IBD research shows that buying a stock at a new high when the market is strong is preferable to buying a stock at a new low.
However, finding a lower entry in a base isn't always a bad idea. Under the right circumstances, it can be ideal.
Jesse Livermore's shakeout plus 3 pattern can deliver big gains, and you don't have to wait until the stock makes a new high.
The pattern involves two lows, with the second low undercutting the first. The stock is bought when it rises 3 points above the first low in strong volume.
When the stock is high-priced, say 80, 100 or 200 a share, add at least 6 to 10 points to the first low. You want to see the stock make a significant move up before building a position.
The second low tells you that weak holders are being shaken out. The surge past the first low tells you funds are buying shares and resistance is minimal.
In Livermore's time (1877-1940), big-money operators sometimes started the drive to the second low with a little selling of their own. They wanted the shares of the weak holders, and driving the stock to a second low was the easiest way to grab shares at reduced prices.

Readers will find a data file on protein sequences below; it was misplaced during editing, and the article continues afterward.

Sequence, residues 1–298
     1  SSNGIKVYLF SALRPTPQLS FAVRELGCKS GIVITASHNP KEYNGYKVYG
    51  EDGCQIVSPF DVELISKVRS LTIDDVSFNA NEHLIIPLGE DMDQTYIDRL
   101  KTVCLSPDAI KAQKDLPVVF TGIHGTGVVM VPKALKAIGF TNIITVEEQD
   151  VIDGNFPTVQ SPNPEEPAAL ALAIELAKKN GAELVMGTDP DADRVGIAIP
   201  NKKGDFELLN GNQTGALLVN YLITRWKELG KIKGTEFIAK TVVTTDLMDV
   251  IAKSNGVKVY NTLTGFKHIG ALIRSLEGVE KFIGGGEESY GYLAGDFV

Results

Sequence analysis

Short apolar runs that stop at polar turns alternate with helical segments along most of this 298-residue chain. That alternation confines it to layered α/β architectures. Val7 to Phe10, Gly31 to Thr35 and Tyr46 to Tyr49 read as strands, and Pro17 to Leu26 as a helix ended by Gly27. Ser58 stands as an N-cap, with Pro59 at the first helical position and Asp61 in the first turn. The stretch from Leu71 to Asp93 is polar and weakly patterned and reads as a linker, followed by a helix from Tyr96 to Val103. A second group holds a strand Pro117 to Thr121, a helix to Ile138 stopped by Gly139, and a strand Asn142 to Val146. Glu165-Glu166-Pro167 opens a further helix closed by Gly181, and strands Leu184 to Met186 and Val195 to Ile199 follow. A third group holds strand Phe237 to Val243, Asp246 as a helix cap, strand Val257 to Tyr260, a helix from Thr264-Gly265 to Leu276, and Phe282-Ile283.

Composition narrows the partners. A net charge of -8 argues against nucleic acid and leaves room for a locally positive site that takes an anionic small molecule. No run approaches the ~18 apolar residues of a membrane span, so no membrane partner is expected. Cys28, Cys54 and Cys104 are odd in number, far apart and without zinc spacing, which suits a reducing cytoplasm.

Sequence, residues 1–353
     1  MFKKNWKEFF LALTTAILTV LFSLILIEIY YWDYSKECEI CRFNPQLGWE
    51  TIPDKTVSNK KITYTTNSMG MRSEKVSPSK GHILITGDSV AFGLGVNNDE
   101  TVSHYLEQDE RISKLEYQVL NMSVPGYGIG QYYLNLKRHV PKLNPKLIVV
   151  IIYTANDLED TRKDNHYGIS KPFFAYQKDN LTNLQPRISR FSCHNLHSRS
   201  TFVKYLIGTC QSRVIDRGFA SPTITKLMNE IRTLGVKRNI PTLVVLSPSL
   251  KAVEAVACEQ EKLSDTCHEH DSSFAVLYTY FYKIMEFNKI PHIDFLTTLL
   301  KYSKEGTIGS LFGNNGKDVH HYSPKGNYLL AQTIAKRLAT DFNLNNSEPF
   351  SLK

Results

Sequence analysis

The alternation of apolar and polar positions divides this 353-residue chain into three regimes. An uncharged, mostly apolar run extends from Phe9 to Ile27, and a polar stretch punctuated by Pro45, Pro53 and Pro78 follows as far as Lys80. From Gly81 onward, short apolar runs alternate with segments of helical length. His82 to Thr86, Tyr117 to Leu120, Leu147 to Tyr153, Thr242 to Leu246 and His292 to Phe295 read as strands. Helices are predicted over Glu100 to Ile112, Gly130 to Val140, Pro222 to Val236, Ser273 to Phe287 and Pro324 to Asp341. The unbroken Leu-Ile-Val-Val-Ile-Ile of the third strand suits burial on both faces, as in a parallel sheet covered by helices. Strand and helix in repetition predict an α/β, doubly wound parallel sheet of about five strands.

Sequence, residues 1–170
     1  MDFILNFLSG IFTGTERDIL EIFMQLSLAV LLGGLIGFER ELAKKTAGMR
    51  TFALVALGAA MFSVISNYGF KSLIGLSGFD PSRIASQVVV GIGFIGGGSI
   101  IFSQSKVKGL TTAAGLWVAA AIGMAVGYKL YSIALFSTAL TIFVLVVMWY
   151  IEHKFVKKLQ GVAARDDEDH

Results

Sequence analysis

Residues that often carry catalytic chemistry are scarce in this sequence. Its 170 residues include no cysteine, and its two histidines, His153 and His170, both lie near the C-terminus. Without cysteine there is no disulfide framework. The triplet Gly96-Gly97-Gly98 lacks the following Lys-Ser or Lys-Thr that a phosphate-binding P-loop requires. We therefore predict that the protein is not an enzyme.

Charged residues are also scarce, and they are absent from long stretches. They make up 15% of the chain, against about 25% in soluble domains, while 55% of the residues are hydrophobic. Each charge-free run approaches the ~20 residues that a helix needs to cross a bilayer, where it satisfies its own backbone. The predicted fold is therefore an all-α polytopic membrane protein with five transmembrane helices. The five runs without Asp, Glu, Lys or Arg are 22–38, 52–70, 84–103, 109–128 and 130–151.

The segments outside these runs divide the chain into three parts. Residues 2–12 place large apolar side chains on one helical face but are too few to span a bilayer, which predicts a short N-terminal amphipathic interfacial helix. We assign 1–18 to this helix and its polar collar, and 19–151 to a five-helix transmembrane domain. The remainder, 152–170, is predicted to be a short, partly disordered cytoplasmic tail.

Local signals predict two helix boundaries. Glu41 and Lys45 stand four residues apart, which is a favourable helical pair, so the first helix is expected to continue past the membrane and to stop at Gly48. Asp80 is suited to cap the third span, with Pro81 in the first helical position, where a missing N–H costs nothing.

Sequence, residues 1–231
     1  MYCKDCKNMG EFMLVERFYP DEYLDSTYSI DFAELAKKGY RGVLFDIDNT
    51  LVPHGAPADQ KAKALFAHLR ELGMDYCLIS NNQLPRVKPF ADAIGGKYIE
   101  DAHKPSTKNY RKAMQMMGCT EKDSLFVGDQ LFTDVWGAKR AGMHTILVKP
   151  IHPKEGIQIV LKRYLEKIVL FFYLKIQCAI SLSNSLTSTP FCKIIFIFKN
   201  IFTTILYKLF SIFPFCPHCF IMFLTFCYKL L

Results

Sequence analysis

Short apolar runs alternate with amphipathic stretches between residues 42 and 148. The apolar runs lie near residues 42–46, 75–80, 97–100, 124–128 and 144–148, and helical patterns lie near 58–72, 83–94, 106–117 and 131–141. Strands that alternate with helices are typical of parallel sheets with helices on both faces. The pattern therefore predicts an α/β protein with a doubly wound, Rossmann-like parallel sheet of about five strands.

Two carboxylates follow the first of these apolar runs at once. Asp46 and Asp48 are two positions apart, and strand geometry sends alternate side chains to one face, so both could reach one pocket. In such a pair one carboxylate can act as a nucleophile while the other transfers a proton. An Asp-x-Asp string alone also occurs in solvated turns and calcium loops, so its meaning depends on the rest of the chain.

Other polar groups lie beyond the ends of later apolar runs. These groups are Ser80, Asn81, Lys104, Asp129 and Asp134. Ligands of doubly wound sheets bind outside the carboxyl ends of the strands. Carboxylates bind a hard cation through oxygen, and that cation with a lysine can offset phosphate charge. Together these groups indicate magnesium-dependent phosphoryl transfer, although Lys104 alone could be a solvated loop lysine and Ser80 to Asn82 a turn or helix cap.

After backing up the truck and reloading the bed with the cheaper shares, the big money could add to their positions without the average price getting too high.
Manipulation, though, couldn't have accounted for all or even most of a stock's story. If the stock had strong fundamentals, conviction would naturally draw more money into the stock, fueling the run-up.
Whether it's about financial pools in Livermore's era or the dark pools today, individual investors make the mistake of looking at market realities as "unfair." It's wiser to look at the market in terms of odds. They are either working for you or against you.
Baxter Travenol Laboratories (BAX), which changed its name to Baxter International in 1988, shaped a shakeout plus 3 in 1966. The first low was notched in July 1966 at 28.25 1. The second low settled at 25.50 in the week ended Oct. 14 2. The shakeout plus 3 set the buy point at 31.25. On Oct. 18, Baxter broke past the entry. Daily volume was 180% above average. The stock then retreated almost 3% below the ideal buy point before finding traction. Baxter rose 112% in six months.
Getting all of that gain would've been tough. Investors who held the stock — until it broke under its 50-day line in big volume May 31 — could've booked a 74% gain.
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